Jupiter’s moon Ganymede (“GAN uh meed”) is the largest moon in our solar system and the only moon in its own magnetic field. The magnetic field causes auroras, which are ribbons of glowing, electrified gas, in regions circling the moon’s north and south poles. As Jupiter’s magnetic field changes, the aurorae on Ganymede also change, “rocking” back and forth.
Ganymede has larger, brighter areas and notched areas that break into older, darker terrain. These grooved regions are a formula that the moon experienced dramatic rise in the distant past.
In 2015, NASA’s Hubble Space Telescope found the best evidence to date for an underground saltwater sea on Ganymede. The subterranean ocean is thought to contain more water than all of the earth’s surface.
Ganymede has three main levels. In the center is a sphere of metallic iron (the core, which creates a magnetic field), a spherical shell of rock (mantle) surrounding the core, and a spherical shell of ice mostly around the rock shell and core. The outer ice shell is very dense and about 500 miles (800 kilometers) thick.
The surface is at the very top of the ice shells. Although it is mostly ice, the ice shell may contain some rock. Scientists believe that there must be enough rock in the ice near the surface. Ganymede’s magnetic field is embedded in Jupiter’s vast magnetic field.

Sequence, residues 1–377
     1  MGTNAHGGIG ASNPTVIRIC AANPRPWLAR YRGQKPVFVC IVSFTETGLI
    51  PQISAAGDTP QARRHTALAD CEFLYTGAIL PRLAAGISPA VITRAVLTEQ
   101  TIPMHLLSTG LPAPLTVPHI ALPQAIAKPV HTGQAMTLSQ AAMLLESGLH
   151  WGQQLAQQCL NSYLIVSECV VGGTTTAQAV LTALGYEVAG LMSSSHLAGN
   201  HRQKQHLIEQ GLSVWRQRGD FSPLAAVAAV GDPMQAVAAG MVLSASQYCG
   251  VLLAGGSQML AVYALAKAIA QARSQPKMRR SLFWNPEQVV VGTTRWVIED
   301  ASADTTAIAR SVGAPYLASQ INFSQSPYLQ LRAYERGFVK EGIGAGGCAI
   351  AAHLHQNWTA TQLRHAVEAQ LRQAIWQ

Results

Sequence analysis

Astronomers using Hubble space telescope found evidence of a thin oxygen atmosphere in Ganymede in 1996. The life environment is so thin that we know it to support life.
In 2004, scientists discovered irregular lobes beneath the ice surface of Ganymede. Irregular masses can form rock formations supported by Ganymede’s ice shell for billions of years. It tells scientists that the ice is probably strong enough, at least near the surface, to help keep these potential rock masses from sinking to the bottom of the ice. However, this anomaly can also be caused by piles of rocks at the under of the ice.
Pictures of Ganymede spacecraft show the moon has a complex geological history. The surface of Ganymede is a mixture of two types of terrain. 40% of the surface of Ganymede is covered by extremely cratered dark regions and the remaining 60% is covered by a light grooved terrain, which creates complex structures across Ganymede.
On June 7, 2021, NASA’s the Juno spacecraft built a flyby of Ganymede. The photos – one from Jupiter Orbiter’s Junocam painter and the other from his Stellar Reference Unit Star camera – show the surface in remarkable detail, including craters, clearly distinct dark and bright terrain, and long structural features possibly linked to tectonic faults.